After the early demise of his tutor marine painter Louis Meyer (1809-1866), Klinkenberg studied with Christoffel Bisschop (1828-1904). Growing up in The Hague, Klinkenberg had started with his lessons at the age of fourteen. Bisschops influence resulted predominantly in the infusion of his masterly use of clair obscuro. These sunlit effects, also clearly visible in the present lot, are the result of his attractive and bright palette. From 1876 onwards Klinkenberg specialized in town views and concentrated on a well-balanced composition. This was often achieved by the right point of view from which to render a specific group of building. Concentrating on well-balanced compositions in which light played an important role. His oeuvre shows an evident preference for the historical architecture of the Netherlands especially with rich waterways, canals or waterfronts, in particular cities such as Amsterdam, Rotterdam and The Hague. The compositional art of the capriccio or fantasy city view was sometimes used but often he embellished slightly but never strayed far from the truth. Klinkenberg was fascinated by the city of Amsterdam, the diverse architecture of the city enthralled him. So enraptured by the city was Klinkenberg that he moved there in 1887 to stay for 6 years. His star rose quickly and Klinkenberg had numerous successes at the Exhibitions for Levende Meesters and sold works to the Boijmans Van Beuningen Museum in Rotterdam and the Museum voor Hedendaagse Kunst (now the Stedelijk Museum) in Amsterdam.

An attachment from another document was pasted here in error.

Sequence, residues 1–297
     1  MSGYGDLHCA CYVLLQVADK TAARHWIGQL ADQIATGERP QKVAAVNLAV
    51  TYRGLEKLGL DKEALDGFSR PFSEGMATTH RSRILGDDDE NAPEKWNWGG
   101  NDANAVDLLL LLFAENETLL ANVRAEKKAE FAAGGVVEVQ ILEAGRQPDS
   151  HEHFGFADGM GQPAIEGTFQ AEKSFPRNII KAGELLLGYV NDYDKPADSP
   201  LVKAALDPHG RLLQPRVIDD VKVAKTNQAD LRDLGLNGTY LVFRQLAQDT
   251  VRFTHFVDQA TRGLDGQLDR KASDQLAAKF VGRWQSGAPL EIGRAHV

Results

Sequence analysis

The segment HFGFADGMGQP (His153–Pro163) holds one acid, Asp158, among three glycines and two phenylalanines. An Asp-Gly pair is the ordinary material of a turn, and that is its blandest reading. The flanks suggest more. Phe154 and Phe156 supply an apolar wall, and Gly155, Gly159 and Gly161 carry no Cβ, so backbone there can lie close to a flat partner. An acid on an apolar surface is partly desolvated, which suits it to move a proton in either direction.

Klinkenberg's towns are often seen from the water, a viewpoint he obviously favoured. In the present lot the artist shows a view of the Singel canal in Amsterdam on a sunny day, with the bright and vivid reflection of the sun on both the architecture and the water. The divers architecture of the city of Amsterdam enthralled Klinkenberg and he would try to capture it with his attractive and bright palette. What sets Klinkenberg apart from his contemporaries of The Hague School is the remarkable use of colour in his townscapes. Whereas works of other artists are often defined by tonality, Klinkenberg's oeuvre is rather French-oriented with bright, saturated colours.